• Runtime. This project provides facilities for executing Java code already verified by the ClassLoading facilities. This includes performing runtime optimizations if applicable, and interfacing with requested native OS services as requested by the Java class.
    • MemoryManager. Automatic Java heap management, including the supports of object allocation and dead object reclamation.
    • ThreadManager. Manages memory and services on a per-thread basis.
    • JIT. Standard Just-In-Time compiler converting pre-optimized bytecode to executable machine code for the platform in question.
    • Native Interface. The Java Native Interface connection to the services of the native OS.
  • Statistics. No JVM is complete without facilities to measure and tune its performance in runtime. This is the task of the statistics project.
    • Profiling. Standard profiling interface which provides information about resource allocation and usage for the running JVM. I recommend that we provide facilities to modify runtime parameters on the fly through this interface.
    • Crash Talkback. It is important to receive crash dump information from JVMs to provide statistical information about runtime bugs, faulty optimizations or other such data. The talkback services sends this information over the internet to our statistics collection server.

As usual, these may not be the optimal or final project or development streams. Your comments are welcome.

Development Facilities Subprojects

Development facilities exist to enhance the overall development process, and should be stripped from the build in production releases (or, at least, non-development and -debug releases). Development facilities may explore state or data flow in any layer of the JVM, class library or OAL.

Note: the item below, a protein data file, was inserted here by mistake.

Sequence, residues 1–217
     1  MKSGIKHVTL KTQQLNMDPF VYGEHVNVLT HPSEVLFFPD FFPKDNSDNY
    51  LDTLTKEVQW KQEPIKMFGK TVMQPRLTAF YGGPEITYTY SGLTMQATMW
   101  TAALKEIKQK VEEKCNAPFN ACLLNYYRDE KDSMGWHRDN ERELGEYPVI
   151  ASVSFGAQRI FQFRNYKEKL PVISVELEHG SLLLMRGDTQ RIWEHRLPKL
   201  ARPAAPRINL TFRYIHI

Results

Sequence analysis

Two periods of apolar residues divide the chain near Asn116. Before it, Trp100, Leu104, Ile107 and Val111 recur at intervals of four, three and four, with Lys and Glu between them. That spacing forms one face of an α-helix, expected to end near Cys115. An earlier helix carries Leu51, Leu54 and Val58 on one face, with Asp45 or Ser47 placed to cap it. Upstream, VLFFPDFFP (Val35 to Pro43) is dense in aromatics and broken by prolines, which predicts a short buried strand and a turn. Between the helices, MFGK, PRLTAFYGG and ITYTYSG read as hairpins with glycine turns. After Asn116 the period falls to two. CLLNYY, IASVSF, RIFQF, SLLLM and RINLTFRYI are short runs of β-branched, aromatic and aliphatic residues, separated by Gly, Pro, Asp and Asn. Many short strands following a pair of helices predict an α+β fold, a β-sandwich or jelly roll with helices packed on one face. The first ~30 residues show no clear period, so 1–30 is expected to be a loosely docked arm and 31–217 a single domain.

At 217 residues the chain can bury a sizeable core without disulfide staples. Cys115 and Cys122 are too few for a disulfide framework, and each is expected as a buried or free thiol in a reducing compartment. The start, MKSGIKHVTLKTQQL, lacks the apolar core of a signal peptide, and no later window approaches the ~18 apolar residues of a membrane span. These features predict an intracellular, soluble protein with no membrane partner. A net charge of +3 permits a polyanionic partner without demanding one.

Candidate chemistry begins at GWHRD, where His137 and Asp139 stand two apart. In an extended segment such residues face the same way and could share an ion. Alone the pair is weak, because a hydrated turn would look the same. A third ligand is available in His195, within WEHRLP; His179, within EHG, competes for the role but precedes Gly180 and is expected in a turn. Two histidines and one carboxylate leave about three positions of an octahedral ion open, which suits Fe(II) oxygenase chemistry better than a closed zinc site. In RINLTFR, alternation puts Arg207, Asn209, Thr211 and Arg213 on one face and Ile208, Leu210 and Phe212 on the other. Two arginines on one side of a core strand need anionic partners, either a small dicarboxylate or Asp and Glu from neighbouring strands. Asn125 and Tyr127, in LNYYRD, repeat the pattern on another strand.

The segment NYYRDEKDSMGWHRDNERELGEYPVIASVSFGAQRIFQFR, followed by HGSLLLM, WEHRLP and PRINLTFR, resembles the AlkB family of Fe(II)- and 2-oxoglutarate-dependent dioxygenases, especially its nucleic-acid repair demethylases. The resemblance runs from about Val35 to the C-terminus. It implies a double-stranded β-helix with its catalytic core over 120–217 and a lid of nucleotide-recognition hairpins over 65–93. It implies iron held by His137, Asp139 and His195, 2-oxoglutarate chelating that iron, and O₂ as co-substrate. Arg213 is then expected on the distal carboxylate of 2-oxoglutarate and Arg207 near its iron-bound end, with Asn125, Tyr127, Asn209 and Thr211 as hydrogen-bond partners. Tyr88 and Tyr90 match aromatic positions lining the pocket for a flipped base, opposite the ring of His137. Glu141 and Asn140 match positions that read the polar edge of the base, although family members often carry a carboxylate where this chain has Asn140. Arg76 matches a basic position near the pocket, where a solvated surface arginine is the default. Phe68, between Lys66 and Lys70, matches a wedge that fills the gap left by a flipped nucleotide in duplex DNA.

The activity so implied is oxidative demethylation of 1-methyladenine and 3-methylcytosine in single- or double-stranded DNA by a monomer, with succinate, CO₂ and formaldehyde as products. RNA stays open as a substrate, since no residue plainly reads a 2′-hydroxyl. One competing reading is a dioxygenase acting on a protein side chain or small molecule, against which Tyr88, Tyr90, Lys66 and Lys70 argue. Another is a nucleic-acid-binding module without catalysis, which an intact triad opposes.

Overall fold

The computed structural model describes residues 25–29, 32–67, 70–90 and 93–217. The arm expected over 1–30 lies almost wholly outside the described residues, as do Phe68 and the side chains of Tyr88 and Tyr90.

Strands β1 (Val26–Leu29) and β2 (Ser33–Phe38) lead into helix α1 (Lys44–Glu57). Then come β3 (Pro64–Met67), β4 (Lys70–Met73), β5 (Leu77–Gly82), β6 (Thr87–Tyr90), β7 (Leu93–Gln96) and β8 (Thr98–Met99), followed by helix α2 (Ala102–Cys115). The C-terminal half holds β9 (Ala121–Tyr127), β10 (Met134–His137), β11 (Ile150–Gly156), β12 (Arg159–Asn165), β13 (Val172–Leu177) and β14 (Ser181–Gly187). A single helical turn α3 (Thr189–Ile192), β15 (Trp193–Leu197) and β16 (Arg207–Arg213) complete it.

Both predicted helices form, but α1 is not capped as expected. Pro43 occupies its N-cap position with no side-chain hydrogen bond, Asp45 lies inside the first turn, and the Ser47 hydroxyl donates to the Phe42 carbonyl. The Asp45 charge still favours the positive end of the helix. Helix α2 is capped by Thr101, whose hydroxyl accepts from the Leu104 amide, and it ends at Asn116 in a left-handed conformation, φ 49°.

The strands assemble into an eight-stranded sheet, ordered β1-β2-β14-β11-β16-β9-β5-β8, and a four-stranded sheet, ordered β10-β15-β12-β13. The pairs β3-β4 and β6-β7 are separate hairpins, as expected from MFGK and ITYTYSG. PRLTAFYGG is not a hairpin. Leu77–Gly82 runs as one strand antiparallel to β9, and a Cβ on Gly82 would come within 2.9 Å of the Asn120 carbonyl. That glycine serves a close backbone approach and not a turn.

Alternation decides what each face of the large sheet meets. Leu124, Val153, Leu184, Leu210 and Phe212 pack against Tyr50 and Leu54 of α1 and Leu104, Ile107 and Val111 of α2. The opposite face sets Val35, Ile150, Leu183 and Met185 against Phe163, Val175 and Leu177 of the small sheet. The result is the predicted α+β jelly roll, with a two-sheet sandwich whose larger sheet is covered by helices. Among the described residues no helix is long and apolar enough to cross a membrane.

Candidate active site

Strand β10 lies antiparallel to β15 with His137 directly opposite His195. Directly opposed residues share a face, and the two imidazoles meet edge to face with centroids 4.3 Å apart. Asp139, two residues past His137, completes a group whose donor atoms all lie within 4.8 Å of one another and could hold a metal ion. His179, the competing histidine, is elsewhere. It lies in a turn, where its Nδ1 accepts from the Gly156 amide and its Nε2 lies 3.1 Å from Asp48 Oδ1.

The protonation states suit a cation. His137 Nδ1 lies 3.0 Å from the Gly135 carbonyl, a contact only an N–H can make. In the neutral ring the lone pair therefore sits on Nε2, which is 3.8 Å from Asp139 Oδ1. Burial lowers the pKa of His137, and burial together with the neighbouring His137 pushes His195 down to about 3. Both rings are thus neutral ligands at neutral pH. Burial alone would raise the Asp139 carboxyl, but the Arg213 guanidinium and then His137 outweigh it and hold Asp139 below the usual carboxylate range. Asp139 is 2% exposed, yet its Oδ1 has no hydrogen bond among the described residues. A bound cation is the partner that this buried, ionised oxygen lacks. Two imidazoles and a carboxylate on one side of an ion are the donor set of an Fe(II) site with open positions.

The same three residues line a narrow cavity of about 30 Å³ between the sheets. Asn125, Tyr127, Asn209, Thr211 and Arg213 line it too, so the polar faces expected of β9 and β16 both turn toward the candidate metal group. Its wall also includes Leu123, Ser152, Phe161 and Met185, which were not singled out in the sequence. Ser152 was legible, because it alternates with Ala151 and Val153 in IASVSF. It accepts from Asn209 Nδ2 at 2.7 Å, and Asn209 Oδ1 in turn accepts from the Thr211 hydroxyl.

I recommend (at least) the following projects under the Development Facilities umbrella.

  • Internal Tools. This project provides development facilities checking state and delivering development state profiling information in the running JVM.
    • Trace. Investigates state in all parts of the JVM; a "debugger-on-steroids" interface.
    • Thread Profiler. Collects statistics information from all running threads in the JVM and provides mechanisms to alter Thread runtime parameters and/or priorities.
  • Analyzer. Creates simple-to-understand reports from reports retrieved from the net or local JVM.
    • Talkback Analyzer. Reads a set of talkback reports and collects relevant statistics from them. This developer stream should perhaps not be located in the Development Facilities project, but has been placed here for now and for lack of a better place.
    • Introspection GUI. The biggest problem with obtaining profiling information from several current JVMs is the complexity of the information interface. I propose that we create a slim and simple GUI for the Harmony development facilities where such information may be visualized in a simple manner.

Again, feedback is welcome - but use the Harmony mailing list for the feedback.

Modular Structure JVM Components

  • Standard class libraries - The Java code included in the Apache Harmony distribution which implements the required class libraries (e.g., J2SE 5). Standard class library code interacts with the outside world and with native code through the services provided by the virtual machine. This is just like any Java code, but it needs specialized access to the JVM and the platform for implementing low level functionality and attaining acceptable performance.
  • Platform Accessors - Provide Java code in the standard class libraries the ability to efficientely pass parameters and query results to and from native code.
  • VM Accessors - Provide Java code in the standard class libraries the ability to efficientely access internal Java data structures and functionality (e.g., objecs, arrays, stack traces).
  • Java Apps - The Java code of applications and applets being executed by the JVM.
  • VM Core - VM Core is a centric part of overall JVM design. The VM Core manages component loading, versioning and inter-component coordination, and includes common sub-components such as Class Loader, Verifier, JVMTI framework, JNI framework, Exception handling and Stack walking. Details on some of the Class Loader interfaces are in the following links: field_access.txt method_access.txt method_access_java_conv.txt vm_class_manipulation.txt Details of some of the GC/VM interfaces can be found in the following links. The VM calls into the GC using gc_interface.txt. The GC calls into the VM using vm_gc_interface.txt. A proposal for a simple component model in C using function pointer tables can be found here [ComponentModelFunctionPointers].